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Estate Taxes and Planning

Whether you are just beginning to start your estate planning process or reviewing your estate plan, it is important to keep up to date on the taxability of gifts, estates and generation skipping transfers. It’s easier to understand the current tax regulations if you are familiar with the changes over the years. You can skip the background section if you are already familiar with the recent history of the tax law changes.


The 2010 Tax Act (Tax Relief, Unemployment Insurance Reauthorization, and Job Creation Act of 2010) included new gift, estate, and generation skipping transfer tax (GST) regulations to better align them. For years 2011 and 2012 the gift and estate tax basic exclusion amounts were $5M (indexed in 2012 for inflation). The maximum rate for both taxes were 35%. The 2010 Act created both gift and estate tax applicable exclusion portability. Portability is a big deal for wealthy married couples. How it works is any gift and/or estate tax basic exclusion left unused by a deceased spouse can be transferred to the surviving spouse. The 2010 Act provided for portability only for tax years 2011 and 2012. The GST tax exemption was not portable between spouses.

The 2012 Tax Act (American Taxpayer Relief Act of 2012) became effective in tax year 2013. This act permanently extended the $5M (indexed) gift and estate basic exclusion amounts and their portability, whereas the $5M GST tax exemption (indexed) was also made permanent, although not portable. To pay for these goodies the top gift, estate, and GST tax rate increased to 40%.

In 2017 the Tax Cuts and Jobs Act (TCJA) doubled the basic exclusion amount for gift, estate, and GST to $11.8M (which was indexed) effective 2018. These exclusions are $12.06M in 2022. The GST exclusion remains not portable between spouses. The TCJA has a sunset at the end of 2025, unless Congress extends it or makes changes to the tax laws. Upon sunset in 2026 the tax law will revert to what was in effect in 2017, although the exemptions will be indexed for inflation.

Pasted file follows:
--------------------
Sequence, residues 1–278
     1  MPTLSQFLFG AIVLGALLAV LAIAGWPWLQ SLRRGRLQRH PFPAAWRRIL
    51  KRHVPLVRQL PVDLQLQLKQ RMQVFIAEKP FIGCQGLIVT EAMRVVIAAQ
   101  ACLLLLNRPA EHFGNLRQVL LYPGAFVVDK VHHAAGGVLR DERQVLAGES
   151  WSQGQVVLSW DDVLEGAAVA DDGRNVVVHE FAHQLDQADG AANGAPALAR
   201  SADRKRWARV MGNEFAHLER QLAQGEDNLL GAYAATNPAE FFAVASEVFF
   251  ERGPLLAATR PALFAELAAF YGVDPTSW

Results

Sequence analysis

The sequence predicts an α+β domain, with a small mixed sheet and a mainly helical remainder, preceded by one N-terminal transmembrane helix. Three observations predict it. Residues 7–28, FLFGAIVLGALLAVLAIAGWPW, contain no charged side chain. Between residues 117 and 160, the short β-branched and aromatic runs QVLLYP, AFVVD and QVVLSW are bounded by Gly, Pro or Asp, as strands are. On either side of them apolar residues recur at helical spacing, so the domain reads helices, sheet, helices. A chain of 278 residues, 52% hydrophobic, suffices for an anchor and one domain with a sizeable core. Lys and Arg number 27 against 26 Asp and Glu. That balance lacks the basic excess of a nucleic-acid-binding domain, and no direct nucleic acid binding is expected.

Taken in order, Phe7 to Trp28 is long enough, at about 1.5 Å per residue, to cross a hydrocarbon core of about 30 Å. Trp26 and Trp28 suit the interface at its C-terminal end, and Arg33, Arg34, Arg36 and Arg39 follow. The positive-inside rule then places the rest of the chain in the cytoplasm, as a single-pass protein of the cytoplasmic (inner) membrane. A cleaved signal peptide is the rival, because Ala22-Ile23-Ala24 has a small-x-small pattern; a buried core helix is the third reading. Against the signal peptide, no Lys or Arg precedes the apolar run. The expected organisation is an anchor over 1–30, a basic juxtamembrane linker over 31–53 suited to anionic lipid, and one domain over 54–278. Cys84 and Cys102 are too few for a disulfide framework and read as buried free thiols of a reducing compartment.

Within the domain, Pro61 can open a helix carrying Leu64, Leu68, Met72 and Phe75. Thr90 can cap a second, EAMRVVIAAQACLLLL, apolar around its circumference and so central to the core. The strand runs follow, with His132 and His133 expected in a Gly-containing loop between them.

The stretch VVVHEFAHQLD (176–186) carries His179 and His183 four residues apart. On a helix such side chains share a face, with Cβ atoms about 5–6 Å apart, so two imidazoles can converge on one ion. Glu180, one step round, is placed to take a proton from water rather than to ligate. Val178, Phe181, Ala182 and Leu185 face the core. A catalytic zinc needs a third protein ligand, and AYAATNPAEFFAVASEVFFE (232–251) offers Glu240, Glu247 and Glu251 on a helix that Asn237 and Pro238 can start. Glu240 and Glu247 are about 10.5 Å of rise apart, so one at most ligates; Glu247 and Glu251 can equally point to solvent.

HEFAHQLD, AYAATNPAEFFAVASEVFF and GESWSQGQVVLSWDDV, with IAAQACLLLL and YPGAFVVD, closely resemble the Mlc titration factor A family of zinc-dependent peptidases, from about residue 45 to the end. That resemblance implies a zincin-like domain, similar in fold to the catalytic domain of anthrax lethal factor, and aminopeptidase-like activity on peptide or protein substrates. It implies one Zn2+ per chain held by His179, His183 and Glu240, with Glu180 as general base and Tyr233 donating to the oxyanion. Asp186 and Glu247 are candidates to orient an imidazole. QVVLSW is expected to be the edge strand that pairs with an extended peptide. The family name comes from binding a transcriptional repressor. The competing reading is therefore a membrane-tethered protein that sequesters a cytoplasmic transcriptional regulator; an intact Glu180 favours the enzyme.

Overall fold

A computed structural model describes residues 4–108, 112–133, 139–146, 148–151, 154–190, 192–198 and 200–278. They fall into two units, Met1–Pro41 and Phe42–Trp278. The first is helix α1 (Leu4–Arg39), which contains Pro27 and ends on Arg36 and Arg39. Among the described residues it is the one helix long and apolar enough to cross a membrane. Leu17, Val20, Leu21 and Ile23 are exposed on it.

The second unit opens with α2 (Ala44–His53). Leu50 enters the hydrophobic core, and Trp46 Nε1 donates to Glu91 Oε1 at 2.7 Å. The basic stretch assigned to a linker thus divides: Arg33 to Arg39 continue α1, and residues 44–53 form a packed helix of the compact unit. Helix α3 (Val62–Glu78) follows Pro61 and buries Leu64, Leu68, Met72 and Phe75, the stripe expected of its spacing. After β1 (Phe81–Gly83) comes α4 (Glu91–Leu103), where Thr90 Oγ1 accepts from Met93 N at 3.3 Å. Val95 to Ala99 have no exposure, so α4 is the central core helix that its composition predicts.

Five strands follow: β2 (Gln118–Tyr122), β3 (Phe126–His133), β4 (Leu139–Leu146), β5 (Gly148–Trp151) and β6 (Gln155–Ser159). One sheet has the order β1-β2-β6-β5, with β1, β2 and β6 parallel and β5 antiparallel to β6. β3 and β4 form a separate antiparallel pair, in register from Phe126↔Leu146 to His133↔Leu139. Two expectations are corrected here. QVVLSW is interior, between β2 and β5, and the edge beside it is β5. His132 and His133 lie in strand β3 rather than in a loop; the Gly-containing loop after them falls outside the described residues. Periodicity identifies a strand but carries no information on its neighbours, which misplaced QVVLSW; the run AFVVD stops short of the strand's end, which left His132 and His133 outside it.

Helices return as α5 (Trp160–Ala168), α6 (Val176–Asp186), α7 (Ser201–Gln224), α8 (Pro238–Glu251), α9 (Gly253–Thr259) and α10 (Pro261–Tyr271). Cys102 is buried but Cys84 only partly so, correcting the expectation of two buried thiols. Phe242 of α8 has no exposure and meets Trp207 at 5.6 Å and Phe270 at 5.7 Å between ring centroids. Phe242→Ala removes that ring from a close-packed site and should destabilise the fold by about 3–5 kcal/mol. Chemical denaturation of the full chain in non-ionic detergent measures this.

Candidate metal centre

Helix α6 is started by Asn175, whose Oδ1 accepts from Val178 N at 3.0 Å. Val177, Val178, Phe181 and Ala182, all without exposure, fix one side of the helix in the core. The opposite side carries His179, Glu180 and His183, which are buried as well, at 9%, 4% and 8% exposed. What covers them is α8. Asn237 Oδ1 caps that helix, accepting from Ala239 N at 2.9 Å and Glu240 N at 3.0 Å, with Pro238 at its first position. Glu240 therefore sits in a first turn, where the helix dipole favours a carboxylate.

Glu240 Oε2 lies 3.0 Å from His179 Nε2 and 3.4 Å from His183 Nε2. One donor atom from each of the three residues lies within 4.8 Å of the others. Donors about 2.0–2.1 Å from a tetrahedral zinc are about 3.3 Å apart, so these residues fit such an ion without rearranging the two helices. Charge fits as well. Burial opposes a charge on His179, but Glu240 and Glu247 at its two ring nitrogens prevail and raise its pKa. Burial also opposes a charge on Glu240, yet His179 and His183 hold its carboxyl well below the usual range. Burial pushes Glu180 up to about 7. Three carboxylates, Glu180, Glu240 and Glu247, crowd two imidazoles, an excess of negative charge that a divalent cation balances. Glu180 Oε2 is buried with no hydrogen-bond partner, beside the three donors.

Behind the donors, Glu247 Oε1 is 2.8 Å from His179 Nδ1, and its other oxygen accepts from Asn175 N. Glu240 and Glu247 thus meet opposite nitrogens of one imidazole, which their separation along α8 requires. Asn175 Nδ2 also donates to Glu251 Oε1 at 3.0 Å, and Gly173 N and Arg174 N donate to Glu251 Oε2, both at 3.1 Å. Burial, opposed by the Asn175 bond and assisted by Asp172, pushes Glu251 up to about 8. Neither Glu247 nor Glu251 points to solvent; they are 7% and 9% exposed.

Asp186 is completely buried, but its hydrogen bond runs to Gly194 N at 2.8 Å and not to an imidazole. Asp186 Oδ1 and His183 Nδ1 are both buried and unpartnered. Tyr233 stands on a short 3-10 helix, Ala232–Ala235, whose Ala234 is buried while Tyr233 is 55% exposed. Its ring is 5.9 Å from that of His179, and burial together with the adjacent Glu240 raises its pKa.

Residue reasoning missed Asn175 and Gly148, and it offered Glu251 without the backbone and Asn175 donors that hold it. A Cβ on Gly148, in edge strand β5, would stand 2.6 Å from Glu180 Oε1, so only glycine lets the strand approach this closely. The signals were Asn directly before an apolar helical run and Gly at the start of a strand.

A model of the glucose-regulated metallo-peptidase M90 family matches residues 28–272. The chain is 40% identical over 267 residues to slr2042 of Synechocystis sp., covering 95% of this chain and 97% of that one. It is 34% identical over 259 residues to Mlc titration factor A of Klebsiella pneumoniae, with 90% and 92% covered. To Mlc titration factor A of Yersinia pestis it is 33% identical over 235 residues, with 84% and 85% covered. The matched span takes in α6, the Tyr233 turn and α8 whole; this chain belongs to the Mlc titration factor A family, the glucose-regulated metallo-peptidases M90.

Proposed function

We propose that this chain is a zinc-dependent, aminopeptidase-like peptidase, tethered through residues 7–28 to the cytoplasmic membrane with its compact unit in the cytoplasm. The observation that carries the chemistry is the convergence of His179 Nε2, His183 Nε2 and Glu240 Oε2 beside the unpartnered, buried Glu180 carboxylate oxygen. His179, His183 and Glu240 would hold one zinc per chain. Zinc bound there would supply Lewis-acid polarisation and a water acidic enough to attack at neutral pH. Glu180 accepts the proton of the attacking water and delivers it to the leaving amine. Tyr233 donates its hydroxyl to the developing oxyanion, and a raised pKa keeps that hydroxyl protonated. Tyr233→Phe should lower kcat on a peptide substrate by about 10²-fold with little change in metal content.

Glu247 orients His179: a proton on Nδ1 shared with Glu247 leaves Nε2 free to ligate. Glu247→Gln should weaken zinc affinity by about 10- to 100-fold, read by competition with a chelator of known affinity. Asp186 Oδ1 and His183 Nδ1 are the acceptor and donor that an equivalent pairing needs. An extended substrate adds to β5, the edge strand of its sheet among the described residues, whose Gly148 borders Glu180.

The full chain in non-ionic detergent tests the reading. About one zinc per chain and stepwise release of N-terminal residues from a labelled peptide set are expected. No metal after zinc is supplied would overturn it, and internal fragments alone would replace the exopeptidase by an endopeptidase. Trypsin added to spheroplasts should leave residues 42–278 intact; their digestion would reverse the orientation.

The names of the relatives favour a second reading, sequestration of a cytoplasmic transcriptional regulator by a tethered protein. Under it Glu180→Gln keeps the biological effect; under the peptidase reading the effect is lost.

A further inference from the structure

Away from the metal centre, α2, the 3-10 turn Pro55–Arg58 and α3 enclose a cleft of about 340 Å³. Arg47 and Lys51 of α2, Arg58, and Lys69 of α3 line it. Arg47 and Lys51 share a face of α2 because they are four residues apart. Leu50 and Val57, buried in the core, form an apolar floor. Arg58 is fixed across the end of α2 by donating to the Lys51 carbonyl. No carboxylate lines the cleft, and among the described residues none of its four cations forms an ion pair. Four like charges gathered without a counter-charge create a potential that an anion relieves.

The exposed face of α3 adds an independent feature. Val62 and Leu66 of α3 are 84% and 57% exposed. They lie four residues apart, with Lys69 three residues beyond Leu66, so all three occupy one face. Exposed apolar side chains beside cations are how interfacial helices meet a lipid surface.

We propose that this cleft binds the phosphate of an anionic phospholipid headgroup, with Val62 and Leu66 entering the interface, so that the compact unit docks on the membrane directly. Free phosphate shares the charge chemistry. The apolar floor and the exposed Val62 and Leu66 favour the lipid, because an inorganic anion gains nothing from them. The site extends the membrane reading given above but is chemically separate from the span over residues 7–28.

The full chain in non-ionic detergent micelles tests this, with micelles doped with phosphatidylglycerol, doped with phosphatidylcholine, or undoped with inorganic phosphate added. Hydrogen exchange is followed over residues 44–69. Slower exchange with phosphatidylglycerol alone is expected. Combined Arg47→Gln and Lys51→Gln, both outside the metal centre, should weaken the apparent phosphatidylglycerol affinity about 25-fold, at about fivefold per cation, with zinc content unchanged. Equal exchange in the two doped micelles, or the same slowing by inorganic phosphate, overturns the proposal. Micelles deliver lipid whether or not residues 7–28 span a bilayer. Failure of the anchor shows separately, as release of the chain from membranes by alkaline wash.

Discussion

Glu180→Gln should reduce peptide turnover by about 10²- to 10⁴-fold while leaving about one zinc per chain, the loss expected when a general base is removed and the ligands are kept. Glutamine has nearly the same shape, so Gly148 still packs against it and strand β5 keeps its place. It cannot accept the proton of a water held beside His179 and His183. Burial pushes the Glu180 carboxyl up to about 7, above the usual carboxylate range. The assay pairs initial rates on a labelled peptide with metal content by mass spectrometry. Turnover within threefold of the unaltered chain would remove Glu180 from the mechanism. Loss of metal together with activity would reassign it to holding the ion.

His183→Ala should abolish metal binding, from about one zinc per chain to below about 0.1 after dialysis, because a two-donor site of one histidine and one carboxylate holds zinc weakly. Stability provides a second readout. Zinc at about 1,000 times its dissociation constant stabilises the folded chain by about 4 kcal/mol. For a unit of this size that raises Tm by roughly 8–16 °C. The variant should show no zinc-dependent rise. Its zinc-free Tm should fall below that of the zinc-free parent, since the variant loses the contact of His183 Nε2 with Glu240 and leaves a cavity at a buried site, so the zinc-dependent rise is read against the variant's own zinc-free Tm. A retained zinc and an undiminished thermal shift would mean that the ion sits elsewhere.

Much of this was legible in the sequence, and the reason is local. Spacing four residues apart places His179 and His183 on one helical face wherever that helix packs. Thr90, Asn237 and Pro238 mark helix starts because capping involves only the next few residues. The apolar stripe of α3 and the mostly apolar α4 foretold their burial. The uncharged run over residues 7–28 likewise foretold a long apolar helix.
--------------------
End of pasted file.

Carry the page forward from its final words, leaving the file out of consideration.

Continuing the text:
Portability of Exclusions

As described above, previously if one spouse did not use his or her entire gift and/or estate tax exclusion it would expire unless some trust tax strategies were used. These include a bypass plan where a couple divided assets between a marital trust and a credit shelter (bypass) trust referred to as an A-B trust plan. Under the recent Tax Acts the estate of a deceased spouse can transfer to the surviving spouse any portion of the unused basic exclusion amount. This is known as the DSUEA (deceased spousal unused exclusion amount). The surviving spouse applicable exclusion amount is increased by the DSUEA which allows the surviving spouse to use for lifetime gifts or transfers upon death. Here’s an example of how this works: At the time of Ricky’s death in 2011 he had made $1M in taxable gifts and had an estate of $2M. The DSUEA available to his surviving spouse Lucy is $2M. This is the $5M applicable exclusion amount less what he consumed which is the combination of the $1M excluded from gift taxes and the $2M excluded from estate taxes, so his unused portion is equal to $2M. Lucy now has $14.06M, which is her tax year 2022 $12.06M applicable exclusion amount, plus the $2M DSUEA from Ricky.